Last week, Om Malik at GigaOm reported that Instagram was working on a messaging feature to complement its already very-popular social photo app, now with some 150 million monthly active users. Now we’ve caught wind of something that could point to a possible feature on this would-be messaging product: @instagram.com email addresses.
A source who works in marketing for an e-commerce company has emailed us a list of such @instagram.com email addresses. They appeared, she says, as part of a request she made of one of the many companies out there that compiles data from social networking sites.
She says that part of the results consisted of Twitter handles and Facebook email addresses, and it seems as if the @instagram.com addresses appeared as part of that list.
“We requested verified email addresses for the followers of a certain fan club on Twitter and received back these results,” she wrote in an email. “We use [the data provider] as a tool for gathering information, and suddenly A LOT of the email fields were being filled in with Instagram email addresses.”
(I’m intentionally keeping out the names of the users, the marketing exec, her e-commerce company, and that of the data provider.)
The data provider, which uses a number of different APIs to populate its database, says that it had never seen these Instagram email addresses before. A spokesperson for Instagram declined to comment for this story.
So what might be going on here?
It could be a pure database fluke. I’ve been sending messages to the list of email addresses on the list provided by our source, and I’ve also tried out my own would-be Instagram email based on my own user ID. They have all come back to me with “too many hops” error messages. Too many hops can indicate an endless forwarding loop, or too many servers involved in relaying a message, but not necessarily that the address does not exist.
On the other hand, Instagram email addresses could support Om’s claim that a messaging service is on the horizon. (His report noted that messaging features, which could be person-to-person or may include group messaging, will be in the next version of the app, expected before the end of the year.)
For starters, look to Instagram’s owner, Facebook. There is something instructive here in how Facebook has built its own messaging services that Instagram may have gleaned.
The world’s largest social network saw as far back as 2010 the usefulness of having a native email address integrated with a messaging service. It means making that messaging service more useful, but it also means more ways of keeping people on your own platform. So, when Facebook unveiled its revamped messaging system in 2010, it included the option for users to create @facebook.com email addresses.
Sending messages to that @facebook.com email address then automatically sync up with Facebook’s messaging platform, which also aggregate messages sent to you by SMS (if you have a phone number associated with your account); Facebook’s standalone Messenger app; or Facebook itself.
“This is not an email killer. This is a messaging experience that includes email as one part of it,” Zuckerberg said at the time. “This is the way that the future should work.”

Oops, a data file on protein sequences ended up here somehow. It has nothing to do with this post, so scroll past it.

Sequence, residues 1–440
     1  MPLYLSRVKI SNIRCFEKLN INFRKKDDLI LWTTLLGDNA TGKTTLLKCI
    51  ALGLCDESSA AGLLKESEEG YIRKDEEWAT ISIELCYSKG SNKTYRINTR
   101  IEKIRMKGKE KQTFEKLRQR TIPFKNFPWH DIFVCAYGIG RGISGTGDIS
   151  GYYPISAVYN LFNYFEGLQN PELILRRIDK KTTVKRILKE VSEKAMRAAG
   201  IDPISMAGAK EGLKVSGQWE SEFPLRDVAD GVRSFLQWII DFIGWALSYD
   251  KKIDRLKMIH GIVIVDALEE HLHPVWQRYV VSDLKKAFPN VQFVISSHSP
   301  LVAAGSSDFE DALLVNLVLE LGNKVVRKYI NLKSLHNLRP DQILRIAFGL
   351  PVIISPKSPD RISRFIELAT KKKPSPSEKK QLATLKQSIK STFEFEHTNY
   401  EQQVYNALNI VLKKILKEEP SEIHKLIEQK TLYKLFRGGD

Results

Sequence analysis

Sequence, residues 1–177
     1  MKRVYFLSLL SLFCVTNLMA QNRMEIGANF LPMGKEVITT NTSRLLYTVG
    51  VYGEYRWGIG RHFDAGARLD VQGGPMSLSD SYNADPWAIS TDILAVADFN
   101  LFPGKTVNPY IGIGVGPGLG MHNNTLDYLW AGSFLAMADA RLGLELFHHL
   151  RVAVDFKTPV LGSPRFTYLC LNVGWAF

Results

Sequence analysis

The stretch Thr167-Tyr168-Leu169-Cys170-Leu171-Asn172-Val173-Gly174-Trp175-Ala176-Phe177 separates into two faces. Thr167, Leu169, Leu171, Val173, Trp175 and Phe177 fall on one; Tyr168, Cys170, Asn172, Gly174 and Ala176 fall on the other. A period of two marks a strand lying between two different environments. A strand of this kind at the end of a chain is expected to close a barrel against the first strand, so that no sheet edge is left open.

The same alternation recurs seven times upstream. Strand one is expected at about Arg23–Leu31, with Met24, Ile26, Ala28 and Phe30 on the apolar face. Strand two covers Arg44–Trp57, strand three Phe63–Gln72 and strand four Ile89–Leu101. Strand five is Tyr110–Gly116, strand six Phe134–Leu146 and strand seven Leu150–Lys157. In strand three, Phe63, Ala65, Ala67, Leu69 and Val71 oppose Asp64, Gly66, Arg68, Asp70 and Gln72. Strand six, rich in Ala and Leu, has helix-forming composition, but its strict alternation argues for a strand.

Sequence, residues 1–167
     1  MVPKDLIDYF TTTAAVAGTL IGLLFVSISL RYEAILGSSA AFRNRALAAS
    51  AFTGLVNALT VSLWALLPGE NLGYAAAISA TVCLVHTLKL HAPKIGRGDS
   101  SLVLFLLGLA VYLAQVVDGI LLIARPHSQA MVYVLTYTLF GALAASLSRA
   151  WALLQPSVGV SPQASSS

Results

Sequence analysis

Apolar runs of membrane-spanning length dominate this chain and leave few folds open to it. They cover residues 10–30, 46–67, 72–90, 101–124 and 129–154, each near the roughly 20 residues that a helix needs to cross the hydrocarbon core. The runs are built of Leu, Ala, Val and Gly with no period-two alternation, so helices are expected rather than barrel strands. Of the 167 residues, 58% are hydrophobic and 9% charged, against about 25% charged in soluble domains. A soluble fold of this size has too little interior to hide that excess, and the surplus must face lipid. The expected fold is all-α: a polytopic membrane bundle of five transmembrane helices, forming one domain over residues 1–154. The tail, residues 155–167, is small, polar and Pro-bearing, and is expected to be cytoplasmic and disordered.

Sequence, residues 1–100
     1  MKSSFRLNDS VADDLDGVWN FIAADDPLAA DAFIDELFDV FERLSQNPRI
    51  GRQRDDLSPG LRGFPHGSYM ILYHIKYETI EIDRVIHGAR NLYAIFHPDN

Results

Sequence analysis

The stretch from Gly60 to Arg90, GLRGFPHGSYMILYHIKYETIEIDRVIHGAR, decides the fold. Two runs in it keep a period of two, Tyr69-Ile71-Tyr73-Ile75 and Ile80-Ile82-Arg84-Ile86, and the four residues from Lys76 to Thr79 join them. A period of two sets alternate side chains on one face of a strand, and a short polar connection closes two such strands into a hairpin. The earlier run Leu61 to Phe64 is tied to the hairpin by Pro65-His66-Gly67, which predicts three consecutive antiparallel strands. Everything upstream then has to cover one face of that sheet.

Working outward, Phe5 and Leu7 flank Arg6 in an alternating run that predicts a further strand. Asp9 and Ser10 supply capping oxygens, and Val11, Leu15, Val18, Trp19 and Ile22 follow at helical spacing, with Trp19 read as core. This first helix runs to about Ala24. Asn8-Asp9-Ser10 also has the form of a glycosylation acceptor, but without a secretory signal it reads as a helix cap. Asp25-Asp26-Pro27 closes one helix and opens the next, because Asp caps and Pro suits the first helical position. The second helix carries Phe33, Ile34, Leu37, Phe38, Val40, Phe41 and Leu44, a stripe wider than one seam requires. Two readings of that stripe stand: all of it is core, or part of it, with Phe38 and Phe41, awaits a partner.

Instagram, in a way, has already laid some groundwork for using email on its platform. You share photos by default to your Instagram stream, but you can additionally send them to specific people via email.
Other developers, meanwhile, have already shown the way forward for what an Instagram messaging service might do. Instachat, InstaMessage and InstaDM are among those that are standalone apps that let you send direct messages to your Instagram contacts.
Giving users on the Instagram network native email addresses could make the process of sending directly to individuals more seamless and integrated to the bigger platform. It could also be a way for those recipients of your emailed images a way to respond back to you.
Facebook, it should also be pointed out, has actually already started to create a link between Instagram and direct messaging: an update to Facebook’s Messenger app in August let users access their Instagram libraries to send messages to friends. A first step for Instagram messenger, as it were, and a way of offering more picture-messaging services to a public that has demonstrated and appetite for the feature, courtesy of new hits like Snapchat and a host of apps with an image-first focus.
We have seen much written about the big opportunity in messaging services (one recent, strong example here).
Instagram has proven to be the king of photo apps when it comes to social, open consumption, so it seems natural that it, too, would eventually sprout its own private communications channel, to tap into that opportunity as well.
But while Instagram emerged at a time when there was little in the way of its growth, times are different today. Services like WhatsApp — at an average of 15 billion messages per day as of November — are now pushing close to SMS’s 20 billion/day messaging dominance.
Focusing on sending photos and video that disappear soon after they are sent, Snapchat is not quite that big — the last number Snapchat revealed, earlier this month, was 400 million messages received (not sent) each day. But it is tapping into a key, young segment of consumers, who (at least for the moment) like to use it, a lot.
Between that rock and hard place of apps attracting people to totally new features (ephemeral messages), and those that have become heavyweights in more text-based mobile messaging (SMS, WhatsApp, Instagram’s owner Facebook, and many more), whether Instagram will be able to wedge its own 150-million MAU presence into the scene — with email addresses or without — remains to be seen.
(My informal straw poll points to some early resistance to the concept, but as Twitter co-founder Biz Stone once famously said, it could end up being “The messaging system we didn’t know we needed until we had it.”)